As we waited for Ewan's phone call I noticed my phone seemed unnaturally silent. There were no notifications and no texts. Even my mother had grown quiet. The anxiety of waiting from email to email was making me feel like one of the crazy girlfriend stereotypes. Did you get my message? Should I refresh my email again? Maybe my phone email isn't working. I'll check my laptop. Oh, still nothing. Maybe I'll just message you my phone number in case you want to call. Matthew wasn't much better. Desperation had snuck in and we just wanted a place to stay, meals to eat, work to do. It was simple really. So why we're so many people turning us down. Was it something I said? Did our profile picture make us look too high maintenance? Maybe we weren't their type...
Eventually this unknown person called and Matthew and I were extremely relieved. He told us to head south on the Stuart Highway until we got to Adelaide River. From there we were to drive past a creek, down a dirt road and up a long driveway to the homestead.
As we headed south we began to wonder what new experience awaited us. We had become so desperate that we really didn't care. Still, it was fun to guess what lay before us. We started with guessing the description of our host. I knew how to spell his name but I had no idea how to say it.
I spelled it for Matthew and that led into a string of jokes.
“Maybe his name was supposed to be Erwin but his parents couldn't say because they had a lisp so they said Ewan, like Brits.”
“Or maybe it was supposed to be Aaron but they couldn't say that either.”
“Maybe it's like eww-an..because he's yucky and they were like eww..”
We laughed at our juvenile humor and by the time our jokes stopped we were pulling into the property.
Immediately a man in a blue shirt, shorts, hiking boots and a typical Australian outback hat, came out to meet us. He had a goofy walk and a big grin displaying a single missing tooth right in front. He was friendly as could be but immediately I thought to myself that this could go one of two ways. Either he was as goofy as he looked and this would be a long ten days, or he was as nice as he seemed and this would be splendid.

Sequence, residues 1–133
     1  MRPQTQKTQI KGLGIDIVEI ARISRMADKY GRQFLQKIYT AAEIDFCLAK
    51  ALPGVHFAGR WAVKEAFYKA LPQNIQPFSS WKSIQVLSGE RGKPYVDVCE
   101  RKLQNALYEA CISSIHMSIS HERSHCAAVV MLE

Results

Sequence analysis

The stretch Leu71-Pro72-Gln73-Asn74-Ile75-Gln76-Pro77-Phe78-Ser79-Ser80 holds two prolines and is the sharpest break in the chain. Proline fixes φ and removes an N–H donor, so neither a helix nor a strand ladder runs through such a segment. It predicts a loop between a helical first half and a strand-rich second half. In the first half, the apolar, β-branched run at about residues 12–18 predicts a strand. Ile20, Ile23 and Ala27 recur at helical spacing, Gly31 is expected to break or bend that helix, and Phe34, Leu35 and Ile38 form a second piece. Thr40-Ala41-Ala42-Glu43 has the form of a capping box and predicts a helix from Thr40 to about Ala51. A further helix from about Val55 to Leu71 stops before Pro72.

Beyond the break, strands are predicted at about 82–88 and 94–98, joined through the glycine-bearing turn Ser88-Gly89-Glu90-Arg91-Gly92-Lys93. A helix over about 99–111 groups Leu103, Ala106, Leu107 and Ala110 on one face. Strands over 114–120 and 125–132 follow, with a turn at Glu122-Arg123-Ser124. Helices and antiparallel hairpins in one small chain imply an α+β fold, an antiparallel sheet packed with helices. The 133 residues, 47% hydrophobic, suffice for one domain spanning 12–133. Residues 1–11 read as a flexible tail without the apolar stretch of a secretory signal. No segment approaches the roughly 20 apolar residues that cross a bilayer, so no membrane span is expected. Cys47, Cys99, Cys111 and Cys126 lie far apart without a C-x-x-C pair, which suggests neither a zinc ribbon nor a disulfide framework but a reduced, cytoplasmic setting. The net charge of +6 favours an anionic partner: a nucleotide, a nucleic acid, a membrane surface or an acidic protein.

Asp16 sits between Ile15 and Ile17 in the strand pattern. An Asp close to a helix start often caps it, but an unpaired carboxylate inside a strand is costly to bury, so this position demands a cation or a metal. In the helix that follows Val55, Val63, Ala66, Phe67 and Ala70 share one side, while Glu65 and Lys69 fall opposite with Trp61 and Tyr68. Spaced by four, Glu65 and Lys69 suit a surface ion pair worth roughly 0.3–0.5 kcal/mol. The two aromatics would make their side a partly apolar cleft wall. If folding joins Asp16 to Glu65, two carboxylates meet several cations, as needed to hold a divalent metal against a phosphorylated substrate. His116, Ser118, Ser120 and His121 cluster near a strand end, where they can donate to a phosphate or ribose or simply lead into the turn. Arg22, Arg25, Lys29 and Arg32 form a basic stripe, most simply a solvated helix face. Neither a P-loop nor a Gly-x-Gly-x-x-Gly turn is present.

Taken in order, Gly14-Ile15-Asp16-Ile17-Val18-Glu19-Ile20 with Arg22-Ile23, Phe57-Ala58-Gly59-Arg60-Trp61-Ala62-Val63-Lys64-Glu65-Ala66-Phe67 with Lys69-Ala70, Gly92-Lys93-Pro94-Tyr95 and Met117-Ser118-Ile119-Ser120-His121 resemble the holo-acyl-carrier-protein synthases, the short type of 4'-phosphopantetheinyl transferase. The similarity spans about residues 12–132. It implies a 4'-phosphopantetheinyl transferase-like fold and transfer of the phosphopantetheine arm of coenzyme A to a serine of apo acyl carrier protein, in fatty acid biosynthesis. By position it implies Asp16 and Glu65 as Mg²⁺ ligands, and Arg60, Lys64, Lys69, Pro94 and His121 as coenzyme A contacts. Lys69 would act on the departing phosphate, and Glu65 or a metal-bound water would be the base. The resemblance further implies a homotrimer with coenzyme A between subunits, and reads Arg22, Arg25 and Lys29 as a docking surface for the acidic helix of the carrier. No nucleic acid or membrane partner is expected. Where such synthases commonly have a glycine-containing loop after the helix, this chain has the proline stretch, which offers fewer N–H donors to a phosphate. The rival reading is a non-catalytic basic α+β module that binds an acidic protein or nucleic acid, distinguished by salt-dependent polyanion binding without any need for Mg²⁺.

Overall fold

Fortunately, within a few hours I decided with the latter. Ewan, (pronounced You-An) was a very nice man who was well-educated and had tons of farm and business experience. He talked fast and choppy like a typical Australian but he was also typical as kind and inviting as one. We also met David, a kid our age who was Ewan's nephew, and Fiona, a Chinese girl who was also volunteering for the week.
Later that night we met Ewan's fiance, Tracy, and her two children, Isabelle and Campbell. With them they brought two cats and a dog as well. Together the eight of us shared a meal of steak and potatoes on Ewan's veranda. We chatted and laughed and swapped great stories. Afterwards we walked down to the fire pit where we had a few more laughs and sleepy yawns before calling it a night. Tomorrow would be our first day of work with Ewan.